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Poverty – The Fallacy of Foreign Aid (GAMSAT Essay Example)

Consider the following comments and develop a piece of writing in response to one or more of them. Your writing will be judged on the quality of your response to the theme, how well you organise and present your point of view, and how effectively you express yourself.


  1. Make poverty history.’ – Anonymous


  1. Anyone who has ever struggled with poverty knows how extremely expensive it is to be poor.’ – James Baldwin


  1. Come away; poverty’s catching.’ – Aphra Behn


  1. Brother can you spare a dime?’ – Y. Harburg


  1. There’s nothing surer, the rich get rich and the poor get children.’ – Gus Kahn & Raymond B. Egan


Suggested Theme: Poverty (Section A)

Time limit in the actual exam: 30 mins

Chosen Quote: ‘Make poverty history.’ – Anonymous


The Fallacy of Foreign Aid


‘Make poverty history’ is a global call to action for economically developed countries to help their more challenged counterparts. Barrack Obama, the 44th US President, echoes, ‘Foreign aid is not a solution, but a road to independence for poorer nations.’ The following dialectic argues that the developed world can do more to aid those in poverty.


In the modern international context, inequality and polarisation of wealth are significant, and developed nations could be doing more to bridge the gap. Firstly, more developed nations regularly exploit poorer nations under the guise of foreign assistance. For instance, Chinese sovereign wealth funds have heavily invested in East African mineral mines due to the labour efficiencies along with the weak bargaining ability of people in these nations. The Chinese continue to plunder the sovereign inheritance of underdeveloped world nations such that assistance is negligible. Secondly, banks such as the International Monetary Fund regularly force countries into unviable debt repayment structures whose annual repayments far outstrip the Grose Domestic Product (GDP) of the indebted countries. These arrangements make it impossible to establish even a semblance of independence.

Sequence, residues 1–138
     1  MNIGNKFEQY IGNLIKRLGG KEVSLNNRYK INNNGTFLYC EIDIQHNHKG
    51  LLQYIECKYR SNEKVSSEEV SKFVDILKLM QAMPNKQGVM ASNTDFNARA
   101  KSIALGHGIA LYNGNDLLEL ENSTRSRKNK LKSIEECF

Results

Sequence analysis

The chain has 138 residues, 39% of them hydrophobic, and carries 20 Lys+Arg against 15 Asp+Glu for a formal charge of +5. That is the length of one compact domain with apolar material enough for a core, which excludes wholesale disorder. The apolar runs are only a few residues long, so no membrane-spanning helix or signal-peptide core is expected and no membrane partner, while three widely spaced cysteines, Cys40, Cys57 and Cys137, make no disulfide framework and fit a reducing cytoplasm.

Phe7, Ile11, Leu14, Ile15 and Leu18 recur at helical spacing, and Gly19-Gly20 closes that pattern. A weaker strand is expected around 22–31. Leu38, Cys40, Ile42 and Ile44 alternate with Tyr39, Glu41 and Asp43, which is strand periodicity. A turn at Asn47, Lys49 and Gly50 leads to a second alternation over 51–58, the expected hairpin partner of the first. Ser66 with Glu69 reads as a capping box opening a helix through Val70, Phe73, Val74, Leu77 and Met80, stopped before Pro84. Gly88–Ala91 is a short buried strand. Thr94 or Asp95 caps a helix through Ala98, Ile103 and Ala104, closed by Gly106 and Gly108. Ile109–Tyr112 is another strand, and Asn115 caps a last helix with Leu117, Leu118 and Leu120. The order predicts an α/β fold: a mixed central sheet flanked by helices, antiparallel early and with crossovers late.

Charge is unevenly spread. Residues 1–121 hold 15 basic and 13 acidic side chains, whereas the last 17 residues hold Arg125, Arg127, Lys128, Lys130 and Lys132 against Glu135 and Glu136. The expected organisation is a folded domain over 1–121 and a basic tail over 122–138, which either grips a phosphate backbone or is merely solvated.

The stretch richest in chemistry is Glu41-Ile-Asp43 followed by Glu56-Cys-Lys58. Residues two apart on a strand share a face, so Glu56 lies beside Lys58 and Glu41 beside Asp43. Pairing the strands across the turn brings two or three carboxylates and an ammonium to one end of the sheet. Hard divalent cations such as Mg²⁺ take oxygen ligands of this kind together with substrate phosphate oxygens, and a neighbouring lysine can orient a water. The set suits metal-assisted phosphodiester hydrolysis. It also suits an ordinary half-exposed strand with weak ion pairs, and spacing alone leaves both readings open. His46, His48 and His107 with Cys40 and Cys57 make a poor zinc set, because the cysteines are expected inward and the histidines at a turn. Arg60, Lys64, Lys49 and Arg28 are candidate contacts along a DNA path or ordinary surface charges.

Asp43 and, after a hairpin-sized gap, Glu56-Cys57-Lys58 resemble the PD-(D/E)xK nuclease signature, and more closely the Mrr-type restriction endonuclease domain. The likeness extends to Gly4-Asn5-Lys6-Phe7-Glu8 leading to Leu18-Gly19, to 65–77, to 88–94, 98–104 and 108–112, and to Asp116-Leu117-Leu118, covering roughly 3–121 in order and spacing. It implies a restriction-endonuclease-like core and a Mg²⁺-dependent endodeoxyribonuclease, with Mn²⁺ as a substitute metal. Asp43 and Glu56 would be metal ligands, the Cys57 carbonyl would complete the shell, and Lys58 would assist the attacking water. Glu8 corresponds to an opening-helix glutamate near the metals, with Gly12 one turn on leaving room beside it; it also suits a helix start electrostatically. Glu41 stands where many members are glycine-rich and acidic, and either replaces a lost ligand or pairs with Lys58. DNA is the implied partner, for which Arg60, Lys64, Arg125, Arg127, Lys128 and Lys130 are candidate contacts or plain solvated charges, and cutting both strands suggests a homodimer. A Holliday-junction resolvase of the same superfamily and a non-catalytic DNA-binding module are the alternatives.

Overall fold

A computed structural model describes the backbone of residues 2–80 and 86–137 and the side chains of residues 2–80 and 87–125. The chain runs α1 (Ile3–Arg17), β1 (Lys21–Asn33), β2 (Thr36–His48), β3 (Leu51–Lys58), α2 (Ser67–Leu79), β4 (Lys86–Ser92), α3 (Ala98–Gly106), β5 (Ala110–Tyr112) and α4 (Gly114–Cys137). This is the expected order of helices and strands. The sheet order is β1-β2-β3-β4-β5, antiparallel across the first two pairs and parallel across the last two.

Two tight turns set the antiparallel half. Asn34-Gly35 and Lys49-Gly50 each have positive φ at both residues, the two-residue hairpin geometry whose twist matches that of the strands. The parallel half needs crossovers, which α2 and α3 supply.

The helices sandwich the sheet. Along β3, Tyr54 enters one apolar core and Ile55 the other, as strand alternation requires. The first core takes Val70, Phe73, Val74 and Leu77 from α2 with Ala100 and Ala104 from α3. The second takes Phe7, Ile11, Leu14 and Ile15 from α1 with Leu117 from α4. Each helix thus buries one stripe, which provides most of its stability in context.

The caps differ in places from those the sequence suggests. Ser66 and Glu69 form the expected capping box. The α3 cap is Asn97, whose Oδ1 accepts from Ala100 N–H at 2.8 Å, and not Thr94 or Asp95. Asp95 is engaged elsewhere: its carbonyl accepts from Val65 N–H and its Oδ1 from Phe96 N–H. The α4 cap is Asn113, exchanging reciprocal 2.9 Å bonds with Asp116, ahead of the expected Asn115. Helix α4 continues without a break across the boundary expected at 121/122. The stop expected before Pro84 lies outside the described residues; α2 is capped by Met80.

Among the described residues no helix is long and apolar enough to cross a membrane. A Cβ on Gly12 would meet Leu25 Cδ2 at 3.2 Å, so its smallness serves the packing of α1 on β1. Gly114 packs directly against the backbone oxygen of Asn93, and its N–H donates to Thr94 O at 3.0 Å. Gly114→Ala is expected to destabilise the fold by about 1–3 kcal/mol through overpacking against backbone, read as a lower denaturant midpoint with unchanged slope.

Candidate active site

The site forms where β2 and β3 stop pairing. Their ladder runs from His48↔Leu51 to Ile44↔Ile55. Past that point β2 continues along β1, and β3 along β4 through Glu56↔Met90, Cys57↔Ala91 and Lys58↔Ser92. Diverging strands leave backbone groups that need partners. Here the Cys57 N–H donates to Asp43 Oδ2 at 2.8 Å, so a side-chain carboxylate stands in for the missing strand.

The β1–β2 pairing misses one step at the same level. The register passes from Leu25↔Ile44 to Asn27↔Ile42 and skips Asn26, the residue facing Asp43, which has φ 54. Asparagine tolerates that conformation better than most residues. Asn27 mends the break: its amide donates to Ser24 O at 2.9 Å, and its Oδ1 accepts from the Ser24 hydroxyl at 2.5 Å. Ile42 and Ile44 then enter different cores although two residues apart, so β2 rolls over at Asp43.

Alternative views do exist, however, especially given the complexity of foreign assistance policy and the current change occurring in the foreign aid departments of developed nations. Some would argue that the hardening of foreign aid policy could contribute to the autonomy of nations that require assistance. For instance, Julie Bishop, former Australian Foreign Minister, had announced in 2014 that it would shift its foreign aid expenditure to more regional partners within Australia. Subsequently, the foreign aid budget was reduced from $5.0 billion to around $4.2 billion accordingly. Bishop’s justification was that Australia would be able to do more to help developing nations achieve independence due to the nature of the assistance, and Australia’s ability to observe the efforts of its spend more closely. In this case, the mitigation of poverty is still possible, but not by extensive cash handouts.


Amelioration of poverty is, therefore, a complex and multi-faced task. It involves granting freedom from financial burden and resources sovereignty to countries that are often too underdeveloped to manage their economy. The developed nations are thus responsible and can shed some light for the foreseeable future based on their actions. Seeking exploitation or throwing some cash at them is not the most logical way to solve the core issue as discussed herein.


Feedback from METC Institute


Grade: 59/100


Engagement with the chosen topic:

The student does show a sufficient understanding of their selected topic. Their thesis statement is clear and relevant to the topic at hand. It is however a rather simple and surface-level analysis and lacks any real depth.


Knowledge and thought:

The arguments made here are supported by good evidence from reliable sources. The points made are relevant to the topic at hand. As previously stated the arguments are simplistic but do align with the quote.